[aprssig] Paths - Solution proposal
kris at catonic.us
Tue Jul 15 10:30:15 CDT 2014
On Sun, 13 Jul 2014, Tom Hayward wrote:
> ARP, IP (DHCP and BGP make this automatic), DNS, application-layer
> authentication and databases--all of these layers work together to
> route your message for you. This is possible because over the last 30
> years technology has advanced and commercial high speed data networks
> have been built. Hams have simply been left in the dust, still using
> technology from the 1980s. If you want to play with modern
> applications on ham radio, you're going to have to go down a few
> layers and improve the infrastructure first.
OSLR makes it a little different as well. And we've got the entire
18.104.22.168/8 space to play with, which was seemingly ignored by HSMM.
> I think the point you're getting at is that AX.25 isn't an optimal
> protocol choice for APRS. There are some other great tactical
> information protocols out there--I am impressed by many of the
> features of AIS.
To be fair, we have limitations that the FCC didn't burden Part 90 with,
or at least ignored enforcement on, such has "FM Modulation index shall
not exceed 1.0", which was ignored by the FLEX protocol and Motorola's
trunking protocols as long as the occupied bandwidth matched the
licensed bandwidth. FSK (GMSK) and AFSK got us this far, it's far
overdue that we start moving to more bit-dense modulation like 4FSK.
Telephone modems hit 56K, but with 16- and 24-bit sound cards, we should
be able to approach channel capacity that over a full-quieting FM link
(S/N is often 20dB or better). We are generally limited to the amount of
bandwidth available for a "communications quality" signal, i.e.: similar
to bandstopped AM for telephonic speech.
It would be nice to see a nationwide "high-speed" infrastructure on a
band besides 2m. As I understand it, many amateurs near the Pave Paws
installations don't have 70cm as an option at all. 70cm would be
preferable since the required antenna aperture is smaller, and the
general coverage mostly equal to 2m. 900 MHz tends to be LOS and highly
cellular, and 222MHz still has "large" antennas.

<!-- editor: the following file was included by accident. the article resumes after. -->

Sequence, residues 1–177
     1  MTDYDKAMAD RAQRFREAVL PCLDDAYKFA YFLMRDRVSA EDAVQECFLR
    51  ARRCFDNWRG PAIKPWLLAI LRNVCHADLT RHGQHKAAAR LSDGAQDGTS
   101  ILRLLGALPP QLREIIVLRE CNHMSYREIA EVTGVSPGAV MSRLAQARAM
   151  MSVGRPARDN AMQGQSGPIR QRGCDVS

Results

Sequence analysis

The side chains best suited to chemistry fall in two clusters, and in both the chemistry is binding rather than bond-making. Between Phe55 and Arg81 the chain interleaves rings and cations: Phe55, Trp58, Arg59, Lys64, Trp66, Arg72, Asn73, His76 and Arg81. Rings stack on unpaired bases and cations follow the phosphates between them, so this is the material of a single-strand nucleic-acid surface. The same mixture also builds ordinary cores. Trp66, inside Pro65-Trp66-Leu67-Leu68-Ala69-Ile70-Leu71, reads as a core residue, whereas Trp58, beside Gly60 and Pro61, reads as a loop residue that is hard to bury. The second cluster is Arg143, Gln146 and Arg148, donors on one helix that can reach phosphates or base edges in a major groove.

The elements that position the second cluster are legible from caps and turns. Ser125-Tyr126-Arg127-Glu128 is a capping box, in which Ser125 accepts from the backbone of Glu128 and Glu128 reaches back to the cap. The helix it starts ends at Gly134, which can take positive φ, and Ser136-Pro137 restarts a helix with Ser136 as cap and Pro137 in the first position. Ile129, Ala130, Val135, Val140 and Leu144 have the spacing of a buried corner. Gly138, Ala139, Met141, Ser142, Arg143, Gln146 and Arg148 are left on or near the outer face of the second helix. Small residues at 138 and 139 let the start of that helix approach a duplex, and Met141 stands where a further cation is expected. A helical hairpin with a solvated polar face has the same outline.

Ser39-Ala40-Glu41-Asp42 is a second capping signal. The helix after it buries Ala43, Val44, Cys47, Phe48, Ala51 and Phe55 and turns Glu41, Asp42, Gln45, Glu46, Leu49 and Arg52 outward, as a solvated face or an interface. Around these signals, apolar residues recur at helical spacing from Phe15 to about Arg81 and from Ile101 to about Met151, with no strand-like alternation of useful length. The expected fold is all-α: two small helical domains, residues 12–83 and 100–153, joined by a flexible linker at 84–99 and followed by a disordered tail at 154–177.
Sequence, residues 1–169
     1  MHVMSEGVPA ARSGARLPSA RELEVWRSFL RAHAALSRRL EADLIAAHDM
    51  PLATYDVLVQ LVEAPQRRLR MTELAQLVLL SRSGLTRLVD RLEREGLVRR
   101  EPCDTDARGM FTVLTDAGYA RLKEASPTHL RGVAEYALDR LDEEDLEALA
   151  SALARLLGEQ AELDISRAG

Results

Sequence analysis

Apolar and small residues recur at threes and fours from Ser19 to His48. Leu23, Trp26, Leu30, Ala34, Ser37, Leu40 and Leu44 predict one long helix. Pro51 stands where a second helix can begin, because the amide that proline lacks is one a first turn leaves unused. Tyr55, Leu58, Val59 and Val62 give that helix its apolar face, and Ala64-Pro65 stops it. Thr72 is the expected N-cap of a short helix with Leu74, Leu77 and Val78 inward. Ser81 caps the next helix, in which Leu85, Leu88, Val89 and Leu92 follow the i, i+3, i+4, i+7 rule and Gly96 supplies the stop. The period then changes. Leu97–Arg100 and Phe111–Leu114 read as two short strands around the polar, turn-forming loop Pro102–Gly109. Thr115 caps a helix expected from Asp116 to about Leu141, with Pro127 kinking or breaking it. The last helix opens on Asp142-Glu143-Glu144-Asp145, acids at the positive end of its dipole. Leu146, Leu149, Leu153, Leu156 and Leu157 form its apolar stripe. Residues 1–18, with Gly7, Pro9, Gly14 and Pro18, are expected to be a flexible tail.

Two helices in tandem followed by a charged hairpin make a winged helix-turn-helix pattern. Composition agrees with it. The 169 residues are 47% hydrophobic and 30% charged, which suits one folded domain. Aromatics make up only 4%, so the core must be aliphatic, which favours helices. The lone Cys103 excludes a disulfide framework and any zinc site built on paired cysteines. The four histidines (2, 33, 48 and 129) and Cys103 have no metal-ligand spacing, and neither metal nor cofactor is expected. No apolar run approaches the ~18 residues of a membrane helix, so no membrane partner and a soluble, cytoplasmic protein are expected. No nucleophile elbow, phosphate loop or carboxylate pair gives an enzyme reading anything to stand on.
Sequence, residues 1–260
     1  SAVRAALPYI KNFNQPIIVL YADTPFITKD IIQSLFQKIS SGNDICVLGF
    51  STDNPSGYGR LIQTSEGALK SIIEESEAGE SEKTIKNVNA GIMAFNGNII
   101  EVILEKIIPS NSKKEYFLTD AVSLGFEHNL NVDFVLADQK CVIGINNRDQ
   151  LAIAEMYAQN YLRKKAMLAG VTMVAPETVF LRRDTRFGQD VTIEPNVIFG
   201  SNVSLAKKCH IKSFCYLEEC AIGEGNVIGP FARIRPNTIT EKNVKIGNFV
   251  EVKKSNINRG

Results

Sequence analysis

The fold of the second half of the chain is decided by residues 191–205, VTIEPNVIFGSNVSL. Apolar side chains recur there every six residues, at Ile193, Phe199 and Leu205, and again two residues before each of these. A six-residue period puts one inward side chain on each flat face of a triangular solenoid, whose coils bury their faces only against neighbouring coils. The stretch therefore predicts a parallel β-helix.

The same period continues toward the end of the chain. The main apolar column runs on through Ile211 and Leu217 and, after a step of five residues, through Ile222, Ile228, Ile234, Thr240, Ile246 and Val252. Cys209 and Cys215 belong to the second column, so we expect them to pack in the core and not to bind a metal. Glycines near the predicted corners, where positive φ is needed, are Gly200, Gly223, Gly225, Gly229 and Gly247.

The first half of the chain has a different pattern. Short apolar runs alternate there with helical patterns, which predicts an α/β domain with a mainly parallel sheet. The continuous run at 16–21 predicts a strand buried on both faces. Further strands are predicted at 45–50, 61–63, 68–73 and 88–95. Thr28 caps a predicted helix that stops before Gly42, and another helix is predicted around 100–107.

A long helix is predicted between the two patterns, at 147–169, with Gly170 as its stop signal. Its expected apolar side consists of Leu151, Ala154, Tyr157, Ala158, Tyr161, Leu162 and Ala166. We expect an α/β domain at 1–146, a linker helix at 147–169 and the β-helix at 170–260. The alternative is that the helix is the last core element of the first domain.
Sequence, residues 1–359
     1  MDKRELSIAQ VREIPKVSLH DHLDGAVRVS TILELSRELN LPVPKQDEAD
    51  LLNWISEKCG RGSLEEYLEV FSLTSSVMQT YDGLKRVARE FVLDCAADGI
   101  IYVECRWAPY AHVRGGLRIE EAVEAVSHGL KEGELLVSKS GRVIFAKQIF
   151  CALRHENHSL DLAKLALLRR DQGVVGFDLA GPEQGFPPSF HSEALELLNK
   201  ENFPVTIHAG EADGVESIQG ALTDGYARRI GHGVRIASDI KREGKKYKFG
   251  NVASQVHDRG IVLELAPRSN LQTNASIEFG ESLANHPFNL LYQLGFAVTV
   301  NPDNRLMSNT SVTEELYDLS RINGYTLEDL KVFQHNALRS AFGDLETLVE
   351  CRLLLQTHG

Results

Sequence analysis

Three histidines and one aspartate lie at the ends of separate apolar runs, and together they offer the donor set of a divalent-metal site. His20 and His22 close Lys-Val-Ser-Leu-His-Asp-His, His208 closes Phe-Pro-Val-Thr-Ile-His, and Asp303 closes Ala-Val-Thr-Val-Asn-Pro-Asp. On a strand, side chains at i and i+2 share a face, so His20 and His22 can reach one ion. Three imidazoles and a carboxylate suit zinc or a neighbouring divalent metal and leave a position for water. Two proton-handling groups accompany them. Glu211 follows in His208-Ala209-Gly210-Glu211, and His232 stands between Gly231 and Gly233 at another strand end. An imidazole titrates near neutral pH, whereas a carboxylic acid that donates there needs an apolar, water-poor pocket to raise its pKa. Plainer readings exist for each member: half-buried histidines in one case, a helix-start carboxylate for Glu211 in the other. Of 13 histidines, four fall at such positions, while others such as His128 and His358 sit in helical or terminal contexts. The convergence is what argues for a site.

For that matter, 2400 or 3600 bps should have been the norm, not 1200
bps. Both will fit through a radio configured for voice. Flex is 1600
bps with a deviation of 1600 Hz or 4800 Hz (thus, "four levels" can be
discerned post-discriminator: a 1/0 from the data slicer and a
loud/quiet from a comparator -- 4FSK).
One individual told me he was able to connect using a modem over a
full-duplex phone patch at 14.4Kbit/s.
And yes, collisions need to be dealt with somehow or someway. AX25
results in either a copied packet or a trashed packet. IP is far too
chatty for simple communications, particularly when tunneled through
AX25 (it should be UI frames, like APRS), and is limited by the
subnetting practices of the local network. D-Star does not cope with
hearing packets addressed to another repeater.
Then there's the hidden node problem... Timeslotting is nice but makes
things technically complex, and the least common denominator here is a
TNC-type device attached to a random radio. Surely one can come up with
a protocol and convince a Chinese manufacturer to implement it.
It's possible to do what I call "sortacasting", where two sets of
repeater frequencies are used across a state, alternating the use of a
frequency to curvature of the earth and repeater coverage. That doesn't
work in all situations; even the WiFi guys figured out that with three
non-overlapping channels you could occasionally fit a fourth or fifth
channel into the mix. We've been lucky that 144.39 is far enough away
from some repeater inputs, so sites can be collocated, but not all
repeater inputs are, i.e.: 144.63 MHz. (2m should have never had a
600KHz split, but I digress.) In less populous states, "sortacasting"
may work well -- it largely depends on the sites chosen and the terrain
covered. It's basically two full-duplex SFNs alternating.
I've done a few cross-country drives, and the least common denominator
of 1200 bps on 144.39 MHz has paid off in my tracks. I run 25W mobile
into a 1/4-wave whip, and on the cross-country trips, it was on top of
the vehicle. My interest is more in seeing where we have coverage and
where we don't; 25W with 0dBd antenna will get out of valleys on
occasion where 5W or 10W with a 3dBd antenna won't.
Kris Kirby, KE4AHR
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